Origins of Australasian Game Developers

souri's picture

News type: 

Back in 2008, I created an article on the origins of Australian game developers which displayed some charts showing the links between various game companies that have spawned off from each other. It was fairly well received and was even used as a base by researchers interested in this kind of information.

A whole lot has happened since 2008 for the local industry including the global financial crisis and the incredible rise of indie games development, but sadly our article hasn't been updated to reflect the changes and all the new studios and indies that have popped up in the last four years.

Well, we're updating it now, and you can help out too if you like! We've made a simple Google Docs spreadsheet which can be editable by anybody and anyone can download the data as an Excel or PDF etc file to do what they like with it. Just click on the link at the end of this article and you're on your way! Adding additions is simple - put the parent company in the right and side of the table, and the child company that has spawned off it on the left. The child company *must* have been formed by an ex-employee/s of the parent company!

We're also wanting students to add their company as well! If you're from QUT, Qantm, AIE etc, and you've formed an indie group with fellow students, then we'd love to have your start-up listed with your educational institution as the parent.

Comments

Matt Ditton's picture

I set the Parent of the

I set the Parent of the Queensland College of Art to Pandemic Studios as the two founding staff (Arash Mohebbi and I) were from there. Not sure if that's how you want universities in the diagram but there is a clear lineage there.

MattD

souri's picture

Sure thing

Hey, sure thing, that makes sense. Thanks to the others for making welcomed additions and changes too. The chart is coming along very nicely!

souri's picture

Adjustments

Ok, having said that, I've moved all the educational institutions under one banner since we're getting pockets of institutions under game companies (AIE under Micro Forte etc). I think it looks better organised this way.

Anonymous's picture

Not sure on the whole lineage

Not sure on the whole lineage thing... I know that one studio has a background with Micro Forte, but, didn't start directly after it but after a stint with an international studio. Also, there has been quite some time since then.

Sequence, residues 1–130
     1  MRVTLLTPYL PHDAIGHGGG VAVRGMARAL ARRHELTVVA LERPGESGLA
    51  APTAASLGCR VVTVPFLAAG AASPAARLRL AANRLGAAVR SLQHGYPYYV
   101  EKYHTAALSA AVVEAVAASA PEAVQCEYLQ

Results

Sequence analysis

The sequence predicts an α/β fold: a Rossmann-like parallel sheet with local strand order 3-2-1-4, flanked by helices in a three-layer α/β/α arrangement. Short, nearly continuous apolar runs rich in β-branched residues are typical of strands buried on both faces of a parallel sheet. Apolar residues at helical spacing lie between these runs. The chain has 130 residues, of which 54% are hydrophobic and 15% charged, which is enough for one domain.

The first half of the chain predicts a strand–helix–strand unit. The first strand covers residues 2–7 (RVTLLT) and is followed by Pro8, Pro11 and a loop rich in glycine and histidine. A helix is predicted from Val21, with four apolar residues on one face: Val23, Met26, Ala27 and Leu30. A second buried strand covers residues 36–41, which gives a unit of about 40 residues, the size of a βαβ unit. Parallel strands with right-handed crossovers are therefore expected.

So, how do you work that out exactly?

souri's picture

Lineage

For this chart, any child company formed from the parent has to be started up by ex-employee/s, and they have to have had formed after working at the parent company.

So in your particular case where they worked somewhere else in the meantime, it doesn't fit that criteria for the chart, unfortunately. If we accepted that, then it would muddle it all up with all the possible additions, I reckon.

Brad's picture

Wish there was a good way to

Wish there was a good way to capture the early to mid 90s Brisbane game-dev scene in this chart.

Along with John and Steve and their guys, there was the Stargunner crew, me and a few friends had Kingdom at War funded and published through Manaccom and I am sure there were other folks around. A lot of folks at this time coalesced out of the cracking/demo scene on the C64 and Amiga. People from these groups ended up at various developers in the late 90s to mid-2000s.

Manaccom hosted a game dev night with a lot of these folks in the early 90s - I remember them showing off a beta version of Doom since they were the local distributor of the shareware version.

souri's picture

demo-scene

Yeh, I know of a few people from the Sydney demo scene from the 90's who went on to the games industry, but I'm not sure how many would like to have themselves personally listed as such. Maybe because being involved with an underground subculture like that brings a kind of stigma that they don't want attached to their real names, I'm not sure. I have no problem with it. I did a whole bunch of great stuff when I was in the scene, and I have the utmost admiration for those did demo-scene stuff. You didn't have off-the-shelf engines, renderers or have a wide amount of resources to make those sorts of demos and productions back then ;)